Aviano AB hosts the Norwegian Foot March for the first time

  • Published
  • By Senior Airman Jenna Bond
  • 31st Fighter Wing Public Affairs

The 606th Air Control Squadron hosted Aviano Air Base’s first Marsjmerket, more commonly known as the Norwegian Foot March at Aviano Air Base, Italy, April 5, 2024.

First held in 1915, the Norwegian Armed Forces, the Forsvaret, meaning “the defense” in Norwegian, worked to expose new members to field conditions. One of the strategic goals was to be able to move larger units of troops over a great distance swiftly and in a manner that enabled them to be combat ready.

Over the next century, the event evolved into a foreign service badge earned by completing the foot march to standard. The Norwegian Foot March Badge is widely considered to be the most challenging foreign military badge to earn. Participants must complete an 18.6 mile course wearing a combat uniform and a weighted ruck sack of 24 pounds in time limits based on age.

Tech. Sgt. Decker Dudley, 606th Air Control Squadron, reached out to an Airman who organized the Norwegian Foot March at his last duty station to find out if he knew of anyone hosting one at Aviano Air Base or somewhere nearby.

“He told me that if I wanted to do it again, I could organize the event myself, so I talked to a few of my coworkers to see what their interest was,” said Dudley. “They liked the idea and helped me plan the event.”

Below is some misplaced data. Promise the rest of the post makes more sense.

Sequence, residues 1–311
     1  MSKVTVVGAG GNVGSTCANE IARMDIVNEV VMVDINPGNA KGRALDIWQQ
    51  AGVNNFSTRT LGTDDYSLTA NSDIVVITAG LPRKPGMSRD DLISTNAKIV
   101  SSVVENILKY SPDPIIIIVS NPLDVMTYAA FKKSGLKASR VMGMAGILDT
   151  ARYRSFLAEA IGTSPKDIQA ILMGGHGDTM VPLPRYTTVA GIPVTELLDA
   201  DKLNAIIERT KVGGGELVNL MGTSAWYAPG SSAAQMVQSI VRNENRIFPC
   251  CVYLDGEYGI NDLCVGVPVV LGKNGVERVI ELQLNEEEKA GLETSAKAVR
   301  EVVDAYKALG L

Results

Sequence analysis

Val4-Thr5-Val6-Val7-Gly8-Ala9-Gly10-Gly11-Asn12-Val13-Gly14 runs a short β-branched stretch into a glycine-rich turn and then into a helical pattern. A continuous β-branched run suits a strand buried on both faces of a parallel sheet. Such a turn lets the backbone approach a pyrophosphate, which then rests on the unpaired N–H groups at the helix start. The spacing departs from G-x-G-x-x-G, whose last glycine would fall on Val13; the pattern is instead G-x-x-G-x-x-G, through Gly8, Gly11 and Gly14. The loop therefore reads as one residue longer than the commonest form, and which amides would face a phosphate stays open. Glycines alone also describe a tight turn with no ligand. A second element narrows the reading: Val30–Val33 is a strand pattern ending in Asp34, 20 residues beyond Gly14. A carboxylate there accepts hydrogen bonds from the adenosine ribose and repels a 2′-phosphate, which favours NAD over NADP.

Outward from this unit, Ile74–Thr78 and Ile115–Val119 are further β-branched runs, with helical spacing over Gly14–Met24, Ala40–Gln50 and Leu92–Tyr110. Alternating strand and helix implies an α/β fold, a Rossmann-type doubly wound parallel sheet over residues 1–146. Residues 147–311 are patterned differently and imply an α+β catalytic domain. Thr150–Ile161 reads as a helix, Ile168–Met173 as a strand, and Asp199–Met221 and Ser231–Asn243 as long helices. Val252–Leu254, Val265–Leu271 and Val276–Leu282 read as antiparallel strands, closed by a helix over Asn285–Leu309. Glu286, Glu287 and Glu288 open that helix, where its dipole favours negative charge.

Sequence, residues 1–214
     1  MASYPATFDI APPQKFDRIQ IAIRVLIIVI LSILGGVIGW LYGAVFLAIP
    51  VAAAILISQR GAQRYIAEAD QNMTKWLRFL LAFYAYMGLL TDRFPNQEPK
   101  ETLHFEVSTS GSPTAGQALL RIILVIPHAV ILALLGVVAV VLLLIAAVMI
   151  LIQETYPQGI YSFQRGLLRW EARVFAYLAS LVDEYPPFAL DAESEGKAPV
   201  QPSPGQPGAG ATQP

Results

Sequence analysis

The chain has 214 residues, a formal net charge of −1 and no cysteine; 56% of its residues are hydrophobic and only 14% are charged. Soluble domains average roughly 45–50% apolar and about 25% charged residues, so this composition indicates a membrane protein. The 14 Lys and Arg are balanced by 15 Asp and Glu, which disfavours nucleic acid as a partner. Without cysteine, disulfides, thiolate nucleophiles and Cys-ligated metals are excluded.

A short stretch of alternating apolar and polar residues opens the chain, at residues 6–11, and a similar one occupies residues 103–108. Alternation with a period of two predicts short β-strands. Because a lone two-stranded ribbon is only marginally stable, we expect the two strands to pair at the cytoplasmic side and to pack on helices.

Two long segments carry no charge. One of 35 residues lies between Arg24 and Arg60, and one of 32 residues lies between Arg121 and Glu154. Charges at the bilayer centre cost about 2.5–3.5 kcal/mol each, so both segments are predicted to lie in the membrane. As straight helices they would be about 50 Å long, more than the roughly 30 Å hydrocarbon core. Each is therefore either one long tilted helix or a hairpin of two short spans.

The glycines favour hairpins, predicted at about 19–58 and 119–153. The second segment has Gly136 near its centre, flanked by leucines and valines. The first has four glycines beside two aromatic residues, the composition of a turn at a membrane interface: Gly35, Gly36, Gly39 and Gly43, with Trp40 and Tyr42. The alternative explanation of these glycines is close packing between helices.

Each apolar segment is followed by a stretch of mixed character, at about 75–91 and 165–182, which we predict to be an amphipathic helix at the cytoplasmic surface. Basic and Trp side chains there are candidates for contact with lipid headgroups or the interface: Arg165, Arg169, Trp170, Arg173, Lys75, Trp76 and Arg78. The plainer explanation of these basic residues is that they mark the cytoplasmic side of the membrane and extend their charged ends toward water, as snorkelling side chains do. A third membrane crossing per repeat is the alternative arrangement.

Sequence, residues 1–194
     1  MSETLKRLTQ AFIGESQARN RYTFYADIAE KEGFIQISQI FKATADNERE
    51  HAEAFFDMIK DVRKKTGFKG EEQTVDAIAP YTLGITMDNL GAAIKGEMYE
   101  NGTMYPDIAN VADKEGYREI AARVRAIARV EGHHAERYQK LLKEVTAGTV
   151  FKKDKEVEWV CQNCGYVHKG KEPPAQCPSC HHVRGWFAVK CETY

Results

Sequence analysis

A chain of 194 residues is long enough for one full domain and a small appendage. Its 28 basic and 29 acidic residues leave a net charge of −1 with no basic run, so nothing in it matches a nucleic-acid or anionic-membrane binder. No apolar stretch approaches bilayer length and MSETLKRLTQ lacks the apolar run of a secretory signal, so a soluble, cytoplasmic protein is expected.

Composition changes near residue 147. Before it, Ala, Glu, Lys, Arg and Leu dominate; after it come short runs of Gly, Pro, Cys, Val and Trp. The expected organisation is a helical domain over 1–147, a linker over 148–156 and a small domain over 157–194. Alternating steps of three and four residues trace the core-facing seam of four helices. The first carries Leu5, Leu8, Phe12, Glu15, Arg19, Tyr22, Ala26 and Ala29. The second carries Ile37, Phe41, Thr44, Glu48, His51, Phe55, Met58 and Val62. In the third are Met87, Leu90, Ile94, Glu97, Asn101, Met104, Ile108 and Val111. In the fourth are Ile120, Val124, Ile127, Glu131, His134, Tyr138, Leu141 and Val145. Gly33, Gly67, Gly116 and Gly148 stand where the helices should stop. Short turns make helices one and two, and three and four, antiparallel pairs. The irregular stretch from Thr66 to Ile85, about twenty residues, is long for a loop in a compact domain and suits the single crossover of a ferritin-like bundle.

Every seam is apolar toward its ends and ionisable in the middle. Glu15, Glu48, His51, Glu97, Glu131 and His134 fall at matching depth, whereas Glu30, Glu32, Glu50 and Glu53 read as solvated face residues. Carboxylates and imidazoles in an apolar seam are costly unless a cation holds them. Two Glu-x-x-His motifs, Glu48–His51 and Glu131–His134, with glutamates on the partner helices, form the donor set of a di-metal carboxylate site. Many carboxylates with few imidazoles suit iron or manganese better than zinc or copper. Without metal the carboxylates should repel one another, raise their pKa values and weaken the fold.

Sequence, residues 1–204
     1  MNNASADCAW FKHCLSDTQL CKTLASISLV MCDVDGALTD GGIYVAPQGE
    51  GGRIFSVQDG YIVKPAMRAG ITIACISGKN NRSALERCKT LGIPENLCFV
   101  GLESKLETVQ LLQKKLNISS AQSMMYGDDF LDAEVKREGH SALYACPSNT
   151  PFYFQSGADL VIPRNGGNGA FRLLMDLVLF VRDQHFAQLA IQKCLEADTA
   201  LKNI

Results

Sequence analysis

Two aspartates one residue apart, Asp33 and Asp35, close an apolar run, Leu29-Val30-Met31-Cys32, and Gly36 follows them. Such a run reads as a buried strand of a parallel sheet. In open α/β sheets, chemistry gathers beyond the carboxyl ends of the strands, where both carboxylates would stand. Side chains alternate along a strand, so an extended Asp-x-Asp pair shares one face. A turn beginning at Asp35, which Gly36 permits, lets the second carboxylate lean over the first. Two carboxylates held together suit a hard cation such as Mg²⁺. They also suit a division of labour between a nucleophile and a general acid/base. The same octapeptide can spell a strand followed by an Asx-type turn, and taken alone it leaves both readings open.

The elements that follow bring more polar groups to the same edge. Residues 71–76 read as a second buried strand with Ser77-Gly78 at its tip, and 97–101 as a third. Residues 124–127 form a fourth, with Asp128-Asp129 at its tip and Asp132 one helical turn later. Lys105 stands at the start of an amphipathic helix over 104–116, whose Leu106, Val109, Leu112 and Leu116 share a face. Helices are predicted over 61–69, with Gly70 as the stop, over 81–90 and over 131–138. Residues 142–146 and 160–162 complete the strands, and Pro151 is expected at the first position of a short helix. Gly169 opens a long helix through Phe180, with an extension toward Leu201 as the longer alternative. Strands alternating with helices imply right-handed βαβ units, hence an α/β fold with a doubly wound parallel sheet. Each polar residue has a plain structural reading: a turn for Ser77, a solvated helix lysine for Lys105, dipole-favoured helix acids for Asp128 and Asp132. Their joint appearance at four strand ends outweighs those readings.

Dudley and his team reached out to the Norwegian Embassy. Once they were approved to host, they began making flyers and spreading the word.

“The event became larger than we would’ve anticipated and nearly 20 volunteers,” explained Dudley. “With the help of my coworkers, we had gotten the word spread around base through as many channels as we could think of, even to include Vicenza Army Base and a special operations detachment in Poland.”

With a turnout of nearly 175 members who participated, U.S. Air Force First Lt. Bryce Jamias, 703rd Munitions Squadron safety officer, was the first to complete the ruck and the first woman to cross the finish line was U.S. Army Specialist Samantha Dills, intelligence analyst.

“This meant a lot to me because I’ve been preparing for something like this for very long time,” said Dills. “Before my great grandma passed away, she told me to keep moving forward and do the things I really want, so that’s what I did.”